There is growing consensus that human impact on the environment has placed our planet into a new geological period of time called the Anthropocene. In Earth’s 4.5 billion years of existence, this is the first epoch to be defined primarily by the actions of humans. Industrialization, nuclear weapons and the burning of fossil fuels have left an indelible, permanent mark on the complex clocks and counters that scientists use to measure geological time.

In this small but deep lake in Ontario, Canada, researchers have measured largely undisturbed core samples from the lake bed. From those samples, they’ve detected a clear and obvious spike in plutonium from nuclear testing and increases in fly ash from coal burning starting in the 1950’s. The aptly named Anthropocene Working Group has proposed Crawford Lake as the official designation site of this period where human influence on planetary health represents a break in time for the planet.

Crawford Lake, Ontario, Canada
Crawford Lake, Ontario, Canada


While the designation of Crawford Lake as the beginning of this new period of geological time is not yet official (scientific consensus often moves at glacial speed), there is no doubt we have reached a breaking point that we may or may not be able to turn back from. From that vantage point, where and how can we support science and technology that makes a sustainable and positive impact on the planet? That’s one of the questions at work at Freeflow and the investments we’re making in planetary health.

Perception Shifts and Government Policy Are Creating the Market

This part of our investment thesis is grounded in the change we can observe in the beliefs and actions of consumers and elected leaders alike. Awareness of climate change and its impact on the environment has increased dramatically over the past few years. A 2022 survey from Pew Research found that climate change is the leading concern of citizens globally:

“Among the many threats facing the globe, climate change stands out as an especially strong concern among citizens in advanced economies, according to a new Pew Research Center survey. A median of 75% across 19 countries in North America, Europe and the Asia-Pacific region label global climate change as a major threat.”   (Source)

When “neither” is the answer to the “paper or plastic?” question at the grocery store, we can know this shift is permanent as people internalize the lasting effects of everyday decisions of convenience. But we can already see signs that an emphasis on sustainability results in sales growth. Sustainability is a market driver. While we must always be on the watchout for greenwashing, McKinsey and NielsenIQ came out with a report earlier this year to back this up:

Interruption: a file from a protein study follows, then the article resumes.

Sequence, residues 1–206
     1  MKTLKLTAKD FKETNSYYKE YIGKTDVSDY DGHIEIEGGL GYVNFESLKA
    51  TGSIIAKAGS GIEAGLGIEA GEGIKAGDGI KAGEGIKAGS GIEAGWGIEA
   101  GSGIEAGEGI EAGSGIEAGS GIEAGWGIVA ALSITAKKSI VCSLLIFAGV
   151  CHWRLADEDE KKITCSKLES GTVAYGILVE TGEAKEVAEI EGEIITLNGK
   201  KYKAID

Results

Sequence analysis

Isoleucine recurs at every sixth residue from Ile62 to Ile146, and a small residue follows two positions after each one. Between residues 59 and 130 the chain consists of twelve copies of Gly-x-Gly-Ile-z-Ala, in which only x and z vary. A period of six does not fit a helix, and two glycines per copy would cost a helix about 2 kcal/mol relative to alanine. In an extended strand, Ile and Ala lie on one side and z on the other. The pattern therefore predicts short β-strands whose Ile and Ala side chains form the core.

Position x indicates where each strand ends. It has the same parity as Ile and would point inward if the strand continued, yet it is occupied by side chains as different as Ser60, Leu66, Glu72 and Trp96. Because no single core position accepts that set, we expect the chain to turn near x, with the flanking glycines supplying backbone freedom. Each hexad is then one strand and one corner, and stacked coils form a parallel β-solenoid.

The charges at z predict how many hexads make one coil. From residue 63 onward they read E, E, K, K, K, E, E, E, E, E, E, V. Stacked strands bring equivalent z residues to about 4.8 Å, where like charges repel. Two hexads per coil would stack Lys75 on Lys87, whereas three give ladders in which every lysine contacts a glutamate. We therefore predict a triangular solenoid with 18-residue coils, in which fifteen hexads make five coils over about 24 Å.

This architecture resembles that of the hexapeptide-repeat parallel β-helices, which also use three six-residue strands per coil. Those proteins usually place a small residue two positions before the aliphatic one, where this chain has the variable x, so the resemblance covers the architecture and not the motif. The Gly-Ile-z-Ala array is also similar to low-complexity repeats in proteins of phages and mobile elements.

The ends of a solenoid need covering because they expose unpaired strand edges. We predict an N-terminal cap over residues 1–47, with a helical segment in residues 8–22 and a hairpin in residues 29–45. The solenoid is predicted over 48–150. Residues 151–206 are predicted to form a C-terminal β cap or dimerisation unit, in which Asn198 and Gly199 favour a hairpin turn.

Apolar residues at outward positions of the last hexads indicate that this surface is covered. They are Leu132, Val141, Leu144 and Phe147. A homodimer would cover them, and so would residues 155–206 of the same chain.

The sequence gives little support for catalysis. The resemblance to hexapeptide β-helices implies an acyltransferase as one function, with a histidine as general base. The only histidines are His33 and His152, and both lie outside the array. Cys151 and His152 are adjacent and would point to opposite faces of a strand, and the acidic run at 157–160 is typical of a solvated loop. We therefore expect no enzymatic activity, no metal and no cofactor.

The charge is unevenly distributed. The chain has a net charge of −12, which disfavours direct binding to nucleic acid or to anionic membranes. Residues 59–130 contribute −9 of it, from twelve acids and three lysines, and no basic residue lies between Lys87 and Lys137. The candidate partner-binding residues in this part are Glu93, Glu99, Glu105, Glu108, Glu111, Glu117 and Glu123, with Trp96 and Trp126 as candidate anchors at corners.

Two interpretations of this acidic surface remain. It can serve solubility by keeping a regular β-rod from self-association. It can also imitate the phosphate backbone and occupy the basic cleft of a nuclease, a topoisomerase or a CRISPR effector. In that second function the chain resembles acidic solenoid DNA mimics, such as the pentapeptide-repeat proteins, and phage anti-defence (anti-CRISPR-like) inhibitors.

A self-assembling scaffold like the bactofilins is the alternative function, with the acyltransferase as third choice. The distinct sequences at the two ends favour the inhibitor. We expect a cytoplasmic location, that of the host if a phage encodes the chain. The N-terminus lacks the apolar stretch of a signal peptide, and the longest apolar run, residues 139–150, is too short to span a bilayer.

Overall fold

At the same time, governments across the world are increasing their financial support of renewable energy solutions. In its June 2023 update, the International Energy Agency reported $1.34 trillion in allocations across 68 governments for clean energy investment support since 2020. The report found the EU was responsible for 2/3 of those investments.

In the U.S, the Inflation Reduction Act is swinging into action. In addition to addressing deficit reduction and inflation, the bill allocates nearly $400 billion in federal funding to support clean energy initiatives. This is the largest clean energy investment in U.S. history. The funding comes in the form of tax incentives, grants, and loan guarantees designed to spur action and investment in clean energy, transport, and manufacturing. The primary objective of this funding is to significantly decrease the United States’ carbon emissions by the end of 2030.

These incentive models from governments around the world are recognition of the importance of addressing climate change because of the risks they face. There’s the clear and obvious risk of doing nothing or not enough in the face of climate change. Yet, there’s also the less obvious risk of ignoring citizens’ primary concerns and being voted out. We see these trends amplifying each other and creating a growing market for sustainable products and renewable energy sources of many kinds in all geographies.